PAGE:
FRINGE 96
Weather Effects on SAR Backscatter for Agricultural Surfaces
Stephen Hobbs   College of Aeronautics,
Cranfield University, Cranfield,
Bedford, MK43 0AL, GB
s.e.hobbs@cranfield.ac.uk
http://www.cranfield.ac.uk/coa

  
Abstract

 Weather is a significant perturbing factor on radar backscatter
from natural surfaces but one whose effects have not been carefully
studied. We are working to quantify these effects on the backscatter
intensity and phase correlation of SAR images. The objectives
of the project are to (1) create a dataset with the required ground
truth and SAR image data, (2) derive statistical relationships
between weather conditions and the observed backscatter variation
and phase (de) correlations, and (3) use electromagnetic scattering
models to interpret the observations.
Observations of crop growth for typical UK agricultural crops
(wheat, beans, oilseed rape) are made regularly using local test
sites (within 5 km of Cranfield University's airfield). Local
weather conditions are also being recorded, and these data will
be compared with the observed variations in radar backscatter
intensity and phase correlation for ERS SAR images. Electromagnetic
scattering models will be used to interpret the observations.
Results from a phase coherence simulator and two simple analytical
models are presented. These help quantify weather effects on phase
correlation and show the importance of weatherindependent scatterers
on coherence.
The expected outcomes of the project are (1) statistical relationships
between backscatter or phase correlation and weather, and (2)
models (new or adapted) to help understand the underlying physics.
The results may have application in agricultural monitoring, meteorology,
and SAR interferometry.
Keywords: SAR, backscatter, phase correlation,
coherence, weather, agriculture
Introduction
Radar backscatter from natural surfaces is determined primarily
by the moisture content and structure of the scatterers. Both
these factors are influenced by weather, and thus a relationship
of some sort between weather and radar backscatter is expected.
A few observations are reported in the literature of the influence
of weather on ^{0} (e.g. Ulaby et al, 1986,
quote a variation of 3 dB due to surface moisture on vegetation)
but the author is not aware of any systematic study in this area.
Recent developments in the use of backscatter phase as well as
intensity highlight the power of the SAR technique. If the relationship
between weather and backscatter can be understood for typical
surfaces then it should be possible to make even better use of
SAR data.
For the last year work has been underway at Cranfield to study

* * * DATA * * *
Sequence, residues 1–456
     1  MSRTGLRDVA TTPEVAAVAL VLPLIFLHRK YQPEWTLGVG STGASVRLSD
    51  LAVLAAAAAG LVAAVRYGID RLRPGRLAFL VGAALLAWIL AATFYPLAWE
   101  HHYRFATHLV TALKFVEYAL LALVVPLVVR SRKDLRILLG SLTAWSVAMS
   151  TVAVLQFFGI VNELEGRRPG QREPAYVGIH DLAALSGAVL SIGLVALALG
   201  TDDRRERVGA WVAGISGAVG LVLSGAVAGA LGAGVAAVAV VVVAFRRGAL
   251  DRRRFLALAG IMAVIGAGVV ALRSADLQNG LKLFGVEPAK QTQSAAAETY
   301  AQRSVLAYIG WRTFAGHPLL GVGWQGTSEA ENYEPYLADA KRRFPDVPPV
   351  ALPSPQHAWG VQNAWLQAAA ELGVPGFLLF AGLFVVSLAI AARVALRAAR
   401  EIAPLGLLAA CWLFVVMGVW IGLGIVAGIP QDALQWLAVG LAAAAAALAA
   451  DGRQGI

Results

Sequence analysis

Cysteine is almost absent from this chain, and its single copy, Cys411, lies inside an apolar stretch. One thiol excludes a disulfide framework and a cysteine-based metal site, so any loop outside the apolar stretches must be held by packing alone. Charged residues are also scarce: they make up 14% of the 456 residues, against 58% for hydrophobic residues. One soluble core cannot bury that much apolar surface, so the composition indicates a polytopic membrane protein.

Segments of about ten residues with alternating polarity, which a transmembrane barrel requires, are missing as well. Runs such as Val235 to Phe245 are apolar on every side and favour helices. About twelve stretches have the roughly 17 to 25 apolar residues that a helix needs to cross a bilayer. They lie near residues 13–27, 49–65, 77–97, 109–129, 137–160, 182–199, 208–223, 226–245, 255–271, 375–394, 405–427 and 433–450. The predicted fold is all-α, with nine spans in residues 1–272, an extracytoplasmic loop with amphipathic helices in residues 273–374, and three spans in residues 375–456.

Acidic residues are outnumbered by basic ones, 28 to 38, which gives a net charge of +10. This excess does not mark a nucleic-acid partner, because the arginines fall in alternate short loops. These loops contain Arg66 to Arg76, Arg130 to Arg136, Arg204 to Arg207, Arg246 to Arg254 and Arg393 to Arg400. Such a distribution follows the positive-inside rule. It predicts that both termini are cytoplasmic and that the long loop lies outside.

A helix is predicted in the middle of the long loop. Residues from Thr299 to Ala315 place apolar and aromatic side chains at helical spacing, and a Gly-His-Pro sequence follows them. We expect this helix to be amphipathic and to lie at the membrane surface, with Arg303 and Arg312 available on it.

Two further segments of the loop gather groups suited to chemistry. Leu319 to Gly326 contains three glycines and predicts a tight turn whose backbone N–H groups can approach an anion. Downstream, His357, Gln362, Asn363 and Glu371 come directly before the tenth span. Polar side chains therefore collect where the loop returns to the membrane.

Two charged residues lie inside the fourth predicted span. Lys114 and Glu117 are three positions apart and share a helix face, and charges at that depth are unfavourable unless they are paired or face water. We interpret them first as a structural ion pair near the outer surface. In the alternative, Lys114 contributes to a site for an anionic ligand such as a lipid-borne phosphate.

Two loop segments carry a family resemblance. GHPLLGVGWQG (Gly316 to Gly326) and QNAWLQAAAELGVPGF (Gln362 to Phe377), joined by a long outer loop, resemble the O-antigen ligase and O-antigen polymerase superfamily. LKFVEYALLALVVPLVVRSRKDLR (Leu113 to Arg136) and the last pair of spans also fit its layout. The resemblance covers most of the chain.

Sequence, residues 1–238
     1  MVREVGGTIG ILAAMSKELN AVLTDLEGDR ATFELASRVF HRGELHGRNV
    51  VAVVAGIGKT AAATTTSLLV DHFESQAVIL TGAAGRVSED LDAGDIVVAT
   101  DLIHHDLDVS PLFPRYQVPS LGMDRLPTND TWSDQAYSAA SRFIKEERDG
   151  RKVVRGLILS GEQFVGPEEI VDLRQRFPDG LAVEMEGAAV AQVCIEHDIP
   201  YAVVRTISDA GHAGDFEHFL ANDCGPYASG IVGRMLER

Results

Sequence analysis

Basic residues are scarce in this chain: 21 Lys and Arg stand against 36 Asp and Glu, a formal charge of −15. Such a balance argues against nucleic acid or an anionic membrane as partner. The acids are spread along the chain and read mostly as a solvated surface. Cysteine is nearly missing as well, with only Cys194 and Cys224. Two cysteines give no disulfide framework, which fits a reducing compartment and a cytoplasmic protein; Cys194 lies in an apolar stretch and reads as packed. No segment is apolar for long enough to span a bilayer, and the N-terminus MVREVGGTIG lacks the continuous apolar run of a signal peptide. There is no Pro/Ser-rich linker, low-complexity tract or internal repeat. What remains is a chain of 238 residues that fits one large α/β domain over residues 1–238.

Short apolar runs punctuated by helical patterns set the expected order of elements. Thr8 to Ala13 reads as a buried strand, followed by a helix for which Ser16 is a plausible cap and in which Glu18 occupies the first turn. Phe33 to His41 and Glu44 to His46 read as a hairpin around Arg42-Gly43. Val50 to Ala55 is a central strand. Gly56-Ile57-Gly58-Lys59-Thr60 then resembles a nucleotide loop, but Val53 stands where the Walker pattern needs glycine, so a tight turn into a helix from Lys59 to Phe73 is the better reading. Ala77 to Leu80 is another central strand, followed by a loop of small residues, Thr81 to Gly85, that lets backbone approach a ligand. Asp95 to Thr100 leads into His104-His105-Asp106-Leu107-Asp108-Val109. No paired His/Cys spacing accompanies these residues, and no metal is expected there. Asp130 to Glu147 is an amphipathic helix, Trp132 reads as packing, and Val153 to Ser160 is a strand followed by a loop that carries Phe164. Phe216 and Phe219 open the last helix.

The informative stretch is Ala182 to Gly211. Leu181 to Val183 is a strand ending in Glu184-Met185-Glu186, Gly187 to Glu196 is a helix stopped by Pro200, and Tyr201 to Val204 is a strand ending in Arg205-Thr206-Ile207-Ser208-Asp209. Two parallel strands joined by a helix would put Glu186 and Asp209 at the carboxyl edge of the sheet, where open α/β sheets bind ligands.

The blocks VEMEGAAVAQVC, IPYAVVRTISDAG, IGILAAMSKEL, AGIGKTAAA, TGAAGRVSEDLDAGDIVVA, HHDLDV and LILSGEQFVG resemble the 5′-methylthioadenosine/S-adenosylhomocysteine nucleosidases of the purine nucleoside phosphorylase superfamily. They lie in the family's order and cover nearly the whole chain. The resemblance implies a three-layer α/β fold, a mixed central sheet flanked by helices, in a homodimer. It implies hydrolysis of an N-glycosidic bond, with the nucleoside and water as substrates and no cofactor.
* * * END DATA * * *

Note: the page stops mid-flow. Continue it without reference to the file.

the influence of weather on radar backscatter intensity for typical
UK agricultural crops. This entails making observations of (1)
local weather conditions and (2) crop growth for three test sites,
and recording ERS SAR images (the data available are ^{0, have
approximately 25 m resolution, and are accessed using RAIDS (RApid
Information Dissemination System, operated by MatraMarconi, Space,
National Remote Sensing Centre Ltd., Defence Research Agency and
Logica)). The ERS Tandem Mission gives the opportunity to extend
this work to the effect of weather on phase correlation, which
is a valuable addition in view of the wide range of applications
being developed based on SAR phase measurements.}
The next section describes the observations being made and the
test sites. The modelling approaches being followed are described,
together with some preliminary results from a phase correlation
simulation. The final section is a discussion including an outline
of the next stages of the project.
Project Database
A key element of this project is the construction of a database
on which our models can be developed. The database has three components:
(1) observations of crop growth for three test sites, (2) local
weather data to allow us to quantify the surface moisture history
and general weather conditions, and (3) ERS SAR images of the
test sites.
The test sites were chosen to be representative of important agricultural
crops in Eastern England and also to sample a variety of plant
geometries. A third constraint was that only limited resources
were available to undertake the fieldwork. Three test sites are
used, all within 5 km of the University (52 04' N, 0 37' W), with
crops (1995/96 season) of winter wheat, oilseed rape and beans.
The sampling strategy is relatively rudimentary: plant height
and number per unit area are recorded, and a few "representative"
plants are brought back to the laboratory for drying to measure
their moisture content and dry mass. Photographs of the fields
and of individual plants in situ are taken as an additional
record. Observations are taken at one or two week intervals through
the growing season to harvest. Qualitative observations of the
soil condition (moist / dry / cracked / etc.) are also made. The
intention of this project is to study the relative effect
of weather rather than to provide a high quality absolute
database and for this goal it is currently felt that the above
sampling regime is adequate, although it is of course possible
that later stages of the analysis may point to the need for additional
information.
Weather data are recorded using an automatic weather station installed
on the airfield at Cranfield University. Variables recorded are
air temperature and humidity, incident and net radiation, wind